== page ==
One reason Texas Tech can hope for an improved defense this season is a handful of new starters in the front seven.
But new defensive coordinator Art Kaufman isn’t going to complain if one of the holdovers ratchets up the productivity, too. The front four set a tone in the Red Raiders’ season-opening victory Saturday against Northwestern State, making a flurry of plays at and behind the line of scrimmage.
Defensive tackle Kerry Hyder stirred up more trouble for the Demons than anyone. The 6-foot-2, 281-pound junior from Austin LBJ knocked down two passes, twice shot the gap and made tackles for loss and also tripped up the quarterback for a sack.
He was the ringleader of a unit that limited Northwestern State to 84 yards and made nine stops behind the line of scrimmage.
“I told our defensive line, starting with the tackles,” Kaufman said, “‘It’s your job to take this game over up front.’ I really thought Kerry Hyder would play well in this game, because he had had a great camp. When you’re explosive up front, that makes for a lot of easy plays for the second-level guys when they’ve got to double team (defensive tackles).”
Northwestern State was a 5-6 team last season in the Football Championship Subdivision, but the Red Raiders have to start somewhere to pump up a defense that finished each of the last two years ranked 114th. Manhandling an FCS offense line might help confidence if nothing else.
“It’s a small step in a long journey,” Hyder said. “We did a good job today, but we still have a long way to go on defense.”
Tech is hoping that two of its top signees from 2011, the Pennsylvania tandem of Delvon Simmons and Branden Jackson, can make an impact this season. In the opener, though, Hyder and sophomore Jackson Richards might have had the most noteworthy performances.
Richards squared off against Northwestern State’s top offensive lineman, senior left tackle Larry Calcote, and broke up two passes. Demons quarterback Brad Henderson threw for nearly 2,000 yards last year with only six interceptions, but he’s only 5-foot-11. Tech took advantage of that with its front seven getting hands in the passing lanes.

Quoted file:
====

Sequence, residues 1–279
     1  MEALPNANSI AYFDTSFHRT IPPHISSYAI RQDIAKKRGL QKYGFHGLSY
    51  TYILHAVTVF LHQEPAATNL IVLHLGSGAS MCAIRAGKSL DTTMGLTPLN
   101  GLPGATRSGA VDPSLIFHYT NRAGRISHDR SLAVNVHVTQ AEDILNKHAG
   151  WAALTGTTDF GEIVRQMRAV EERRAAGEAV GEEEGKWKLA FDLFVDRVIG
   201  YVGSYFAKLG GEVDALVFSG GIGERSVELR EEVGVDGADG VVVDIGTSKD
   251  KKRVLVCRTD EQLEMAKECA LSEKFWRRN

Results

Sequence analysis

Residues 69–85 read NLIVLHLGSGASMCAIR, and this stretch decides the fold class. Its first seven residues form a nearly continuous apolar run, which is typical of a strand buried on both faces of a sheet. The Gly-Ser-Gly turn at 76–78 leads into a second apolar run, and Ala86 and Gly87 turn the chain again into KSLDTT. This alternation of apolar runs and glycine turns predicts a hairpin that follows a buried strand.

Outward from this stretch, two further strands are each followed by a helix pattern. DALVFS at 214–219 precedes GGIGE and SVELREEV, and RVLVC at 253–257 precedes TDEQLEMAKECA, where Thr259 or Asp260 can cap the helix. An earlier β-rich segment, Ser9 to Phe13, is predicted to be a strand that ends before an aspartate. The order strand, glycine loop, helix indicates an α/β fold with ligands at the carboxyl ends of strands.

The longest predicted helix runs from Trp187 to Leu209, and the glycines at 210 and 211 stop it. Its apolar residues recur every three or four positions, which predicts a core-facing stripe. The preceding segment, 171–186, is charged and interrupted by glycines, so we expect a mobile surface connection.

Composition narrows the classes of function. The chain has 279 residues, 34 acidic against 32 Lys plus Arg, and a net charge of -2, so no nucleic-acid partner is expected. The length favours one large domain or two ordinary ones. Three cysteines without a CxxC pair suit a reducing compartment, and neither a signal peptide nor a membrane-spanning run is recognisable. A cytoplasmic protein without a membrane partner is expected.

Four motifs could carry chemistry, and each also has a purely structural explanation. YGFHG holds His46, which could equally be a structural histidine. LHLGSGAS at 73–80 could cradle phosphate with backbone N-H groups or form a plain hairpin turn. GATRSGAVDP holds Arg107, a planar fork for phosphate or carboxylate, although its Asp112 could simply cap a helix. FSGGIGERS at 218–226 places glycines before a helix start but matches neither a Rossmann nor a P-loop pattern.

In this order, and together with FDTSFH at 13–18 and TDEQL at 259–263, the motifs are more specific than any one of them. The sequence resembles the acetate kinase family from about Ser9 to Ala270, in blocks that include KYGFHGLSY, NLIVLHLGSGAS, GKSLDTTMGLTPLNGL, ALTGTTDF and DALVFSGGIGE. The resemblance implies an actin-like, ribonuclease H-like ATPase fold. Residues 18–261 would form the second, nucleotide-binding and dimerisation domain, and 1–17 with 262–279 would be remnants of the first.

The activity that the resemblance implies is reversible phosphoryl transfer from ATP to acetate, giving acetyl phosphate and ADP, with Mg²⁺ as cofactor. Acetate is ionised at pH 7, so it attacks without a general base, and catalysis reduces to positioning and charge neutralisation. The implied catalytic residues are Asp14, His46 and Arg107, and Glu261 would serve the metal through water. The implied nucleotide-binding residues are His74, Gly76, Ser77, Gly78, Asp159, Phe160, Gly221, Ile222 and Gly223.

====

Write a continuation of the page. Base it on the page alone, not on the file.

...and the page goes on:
“That’s something I kind of got away from last year,” Richards said. “I remembered I did that some in high school. I just felt it, and it happened.”
The Demons finished with an average of 1.7 yards per play and gained only 13 yards rushing. Middle linebacker Will Smith made his Tech debut with only three tackles, but the transfer from Riverside (Calif.) City College filled gaps several times that forced running backs to aim for another lane.
“Watching No. 7 run around out there, he made a huge difference stopping the run inside, as all the defensive line and linebackers did,” Tuberville said.
Northwestern State’s longest pass play covered 22 yards, its longest run 11 yards.
Though something as basic as pre-snap certainty might seem easy to take for granted, the Tech defense didn’t always have that last year. On Saturday, Kaufman said the defense missed two checks in the first two series, but otherwise had no issues with alignment and pre-snap adjustments.
“Wasn’t a lot of confusion. There was not a lot of confusion,” Richards said. “I wouldn’t call this defense more simplistic, but we knew our jobs, exactly what we needed to do every play, and that’s what we were trying to do.
“There was no confusion at D-ends, I know that. Based on how the secondary and linebackers came up and were making plays, there wasn’t a question that they were lined up in the right spot.”
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